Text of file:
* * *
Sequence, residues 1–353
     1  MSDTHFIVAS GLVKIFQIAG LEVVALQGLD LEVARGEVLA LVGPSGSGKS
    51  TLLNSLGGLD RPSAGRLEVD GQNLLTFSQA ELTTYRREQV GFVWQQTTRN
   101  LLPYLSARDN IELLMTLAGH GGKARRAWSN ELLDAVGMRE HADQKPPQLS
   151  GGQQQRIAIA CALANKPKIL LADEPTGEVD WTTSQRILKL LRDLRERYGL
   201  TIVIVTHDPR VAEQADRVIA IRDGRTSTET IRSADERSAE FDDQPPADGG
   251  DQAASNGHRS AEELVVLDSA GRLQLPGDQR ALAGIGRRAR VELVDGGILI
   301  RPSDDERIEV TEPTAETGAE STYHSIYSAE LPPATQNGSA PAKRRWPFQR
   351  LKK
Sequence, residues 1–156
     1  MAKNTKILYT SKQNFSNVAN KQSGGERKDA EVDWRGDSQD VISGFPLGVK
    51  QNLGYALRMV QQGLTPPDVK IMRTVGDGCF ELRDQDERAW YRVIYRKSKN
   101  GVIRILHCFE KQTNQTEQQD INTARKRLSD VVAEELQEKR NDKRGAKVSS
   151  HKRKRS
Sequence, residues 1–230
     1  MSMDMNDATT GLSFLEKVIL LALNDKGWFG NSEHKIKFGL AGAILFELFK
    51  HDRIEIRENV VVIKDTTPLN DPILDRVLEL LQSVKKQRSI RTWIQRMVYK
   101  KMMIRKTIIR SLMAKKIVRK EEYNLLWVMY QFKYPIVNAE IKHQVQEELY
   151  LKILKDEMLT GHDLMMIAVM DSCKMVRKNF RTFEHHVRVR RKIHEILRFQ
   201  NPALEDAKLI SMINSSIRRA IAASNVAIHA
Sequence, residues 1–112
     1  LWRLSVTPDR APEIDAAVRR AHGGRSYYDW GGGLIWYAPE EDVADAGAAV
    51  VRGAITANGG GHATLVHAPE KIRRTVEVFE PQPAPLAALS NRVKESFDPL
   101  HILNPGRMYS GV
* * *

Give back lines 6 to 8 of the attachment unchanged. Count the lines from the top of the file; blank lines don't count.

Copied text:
   201  TIVIVTHDPR VAEQADRVIA IRDGRTSTET IRSADERSAE FDDQPPADGG
   251  DQAASNGHRS AEELVVLDSA GRLQLPGDQR ALAGIGRRAR VELVDGGILI
   301  RPSDDERIEV TEPTAETGAE STYHSIYSAE LPPATQNGSA PAKRRWPFQR